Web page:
Billie Hayes, Star of ‘H.R. Pufnstuf,’ Dies at 96

by Matthew Wilson

On a sad day for children’s entertainment, actor Billie Hayes has passed away. Hayes, of course, starred on the TV show “H.R. Pufnstuf.” 

According to the Hollywood Reporter, a family representative confirmed Hayes passed away. The actor died last Thursday (April 29) at Cedars-Sinai Medical Center in Los Angeles. The family listed the cause of death as natural causes. Hayes was 96-years-old.

Fans, of course, will remember Hayes for her villainous portrayal on “H.R. Pufnstuf” in 1969. The actor portrayed the theatrical witch Wilhelmina W. Witchiepoo. The show featured live puppetry aimed at children. She partnered with creators and brothers Sid and Marty Krofft for the show. In response to her death, the Kroft family issued a statement.

On Twitter, they wrote: “Margaret Hamilton (Wizard of Oz) once told us that Billie Hayes was ‘one of the best witches ever’ We couldn’t agree more. Rest in Peace dear friend.”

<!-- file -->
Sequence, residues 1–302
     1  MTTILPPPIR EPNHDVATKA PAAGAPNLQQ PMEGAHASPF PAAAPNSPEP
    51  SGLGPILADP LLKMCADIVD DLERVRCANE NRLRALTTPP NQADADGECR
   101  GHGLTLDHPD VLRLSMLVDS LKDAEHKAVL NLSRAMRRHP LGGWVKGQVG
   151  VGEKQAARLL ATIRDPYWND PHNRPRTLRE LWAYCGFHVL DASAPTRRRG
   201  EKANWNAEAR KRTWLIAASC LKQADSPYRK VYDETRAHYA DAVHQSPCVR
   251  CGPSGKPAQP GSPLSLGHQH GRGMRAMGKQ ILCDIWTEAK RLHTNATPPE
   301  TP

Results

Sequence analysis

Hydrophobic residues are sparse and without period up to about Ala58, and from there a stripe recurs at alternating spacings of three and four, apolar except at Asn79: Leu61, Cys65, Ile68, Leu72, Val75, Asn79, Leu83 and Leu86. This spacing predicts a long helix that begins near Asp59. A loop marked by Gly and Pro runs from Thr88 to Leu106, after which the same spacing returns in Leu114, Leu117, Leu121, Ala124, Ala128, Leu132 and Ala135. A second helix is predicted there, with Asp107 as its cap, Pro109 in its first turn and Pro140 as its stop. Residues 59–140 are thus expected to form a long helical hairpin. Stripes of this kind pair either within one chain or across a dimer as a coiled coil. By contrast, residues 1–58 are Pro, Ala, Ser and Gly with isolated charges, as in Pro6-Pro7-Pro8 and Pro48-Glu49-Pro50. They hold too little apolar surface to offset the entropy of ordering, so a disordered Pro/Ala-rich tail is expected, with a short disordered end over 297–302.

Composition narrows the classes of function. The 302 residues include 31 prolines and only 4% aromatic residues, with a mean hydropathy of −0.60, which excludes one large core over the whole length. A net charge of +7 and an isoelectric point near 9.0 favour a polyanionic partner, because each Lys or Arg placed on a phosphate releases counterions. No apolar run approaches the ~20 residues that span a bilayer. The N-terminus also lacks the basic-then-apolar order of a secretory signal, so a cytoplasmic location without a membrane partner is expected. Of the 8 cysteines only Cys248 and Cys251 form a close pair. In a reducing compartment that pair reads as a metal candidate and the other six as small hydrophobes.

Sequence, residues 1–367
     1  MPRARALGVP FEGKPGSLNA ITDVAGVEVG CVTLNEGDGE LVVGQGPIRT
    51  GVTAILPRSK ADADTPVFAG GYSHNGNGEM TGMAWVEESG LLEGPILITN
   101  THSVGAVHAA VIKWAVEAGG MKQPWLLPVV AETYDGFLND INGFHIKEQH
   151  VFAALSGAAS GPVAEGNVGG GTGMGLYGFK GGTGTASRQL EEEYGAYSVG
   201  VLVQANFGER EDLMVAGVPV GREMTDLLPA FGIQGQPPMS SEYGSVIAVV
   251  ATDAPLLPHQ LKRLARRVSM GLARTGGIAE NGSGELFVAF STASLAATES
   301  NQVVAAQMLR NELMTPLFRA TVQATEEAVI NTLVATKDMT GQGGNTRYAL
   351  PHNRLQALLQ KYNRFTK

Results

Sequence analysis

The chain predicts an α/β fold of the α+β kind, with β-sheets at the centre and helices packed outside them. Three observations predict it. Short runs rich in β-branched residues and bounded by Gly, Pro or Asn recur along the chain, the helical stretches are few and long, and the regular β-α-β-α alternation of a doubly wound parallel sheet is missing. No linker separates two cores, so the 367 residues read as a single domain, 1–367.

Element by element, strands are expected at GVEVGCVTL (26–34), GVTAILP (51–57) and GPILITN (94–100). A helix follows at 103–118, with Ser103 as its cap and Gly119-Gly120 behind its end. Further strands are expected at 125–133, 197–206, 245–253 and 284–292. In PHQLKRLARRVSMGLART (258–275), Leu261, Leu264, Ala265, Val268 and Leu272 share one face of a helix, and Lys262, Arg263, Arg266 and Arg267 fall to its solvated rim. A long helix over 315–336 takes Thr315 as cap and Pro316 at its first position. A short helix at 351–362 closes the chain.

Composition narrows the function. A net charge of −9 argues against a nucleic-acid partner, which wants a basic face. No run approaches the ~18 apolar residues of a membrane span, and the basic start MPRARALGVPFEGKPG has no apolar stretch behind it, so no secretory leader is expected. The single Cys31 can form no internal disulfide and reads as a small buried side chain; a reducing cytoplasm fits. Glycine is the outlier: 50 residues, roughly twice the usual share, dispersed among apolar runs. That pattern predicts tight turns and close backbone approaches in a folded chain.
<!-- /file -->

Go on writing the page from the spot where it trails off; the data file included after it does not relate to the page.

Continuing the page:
Billie Hayes and Her Career

Born on Aug. 5, 1924, Billie Hayes initially had music on the brain. She played in her hometown orchestra while in high school. Hayes grew up in DuQuoin, Illinois. But she soon toured across the Midwest as part of a singing and dancing act.

Theater felt like an easy transition. Hayes moved to New York where she worked on roadshow operettas such as “Student Prince,” “Blossom Time,” and “The Merry Widow.” She later appeared on Broadway as well. One of her most memorable roles was as Mammy Yokum in “Li’l Abner” for instance. She took over the role from Charlotte Rae, playing it through the rest of the show’s Broadway Run. She later reprised the character for the 1959 film of the same name and the 1971 television film on ABC.

During her career, she later partnered with the Krofft brothers once again. She played the bumbling Weenie the Genie on the children’s show “Lidsville” in 1971. Like “H.R. Pufnstuf,” that show also only lasted one season. But it is beloved by its viewers.

In the 1960s, she also toured with “Hello, Dolly!” across the country. She appeared in other TV shows such as “Bewitched,” “General Hospital,” and “Trapper John, M.D.”

In her later career, Hayes transitioned into voice acting. She was the voice behind some of the most popular cartoons such as “The Black Cauldron,” “The New Scooby-Doo Mysteries,” “Darkwing Duck,” “The Brothers Flub” and “Transformers: Rescue Bots.”

Hayes is survived by her niece, Nancy, and nephews Tom, Louie, and Guy. The family asked for donations in her memory be made to Pet Hope.